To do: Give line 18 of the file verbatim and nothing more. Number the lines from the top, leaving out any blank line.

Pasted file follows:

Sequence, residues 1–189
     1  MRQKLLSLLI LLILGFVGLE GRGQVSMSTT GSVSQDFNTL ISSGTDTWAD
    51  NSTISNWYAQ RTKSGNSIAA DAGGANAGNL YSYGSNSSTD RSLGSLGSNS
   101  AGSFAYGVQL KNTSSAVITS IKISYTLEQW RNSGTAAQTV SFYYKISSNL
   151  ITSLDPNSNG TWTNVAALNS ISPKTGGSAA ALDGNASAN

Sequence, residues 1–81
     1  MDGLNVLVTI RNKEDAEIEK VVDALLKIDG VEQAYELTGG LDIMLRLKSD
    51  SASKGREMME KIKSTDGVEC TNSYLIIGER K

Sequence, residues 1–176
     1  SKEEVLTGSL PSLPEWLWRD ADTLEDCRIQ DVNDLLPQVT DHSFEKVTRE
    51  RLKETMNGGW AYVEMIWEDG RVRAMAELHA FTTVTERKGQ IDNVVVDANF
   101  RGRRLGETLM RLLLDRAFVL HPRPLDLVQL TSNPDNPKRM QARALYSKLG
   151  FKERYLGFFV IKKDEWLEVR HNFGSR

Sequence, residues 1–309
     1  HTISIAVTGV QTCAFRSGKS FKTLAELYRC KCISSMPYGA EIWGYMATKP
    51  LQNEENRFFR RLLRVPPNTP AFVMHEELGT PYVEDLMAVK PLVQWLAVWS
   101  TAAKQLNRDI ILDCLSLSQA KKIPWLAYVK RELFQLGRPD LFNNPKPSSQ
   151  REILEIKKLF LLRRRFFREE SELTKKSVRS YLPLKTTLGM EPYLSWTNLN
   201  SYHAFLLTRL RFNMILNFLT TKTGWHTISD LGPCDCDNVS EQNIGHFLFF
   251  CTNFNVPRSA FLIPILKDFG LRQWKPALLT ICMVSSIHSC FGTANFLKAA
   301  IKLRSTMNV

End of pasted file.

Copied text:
   151  REILEIKKLF LLRRRFFREE SELTKKSVRS YLPLKTTLGM EPYLSWTNLN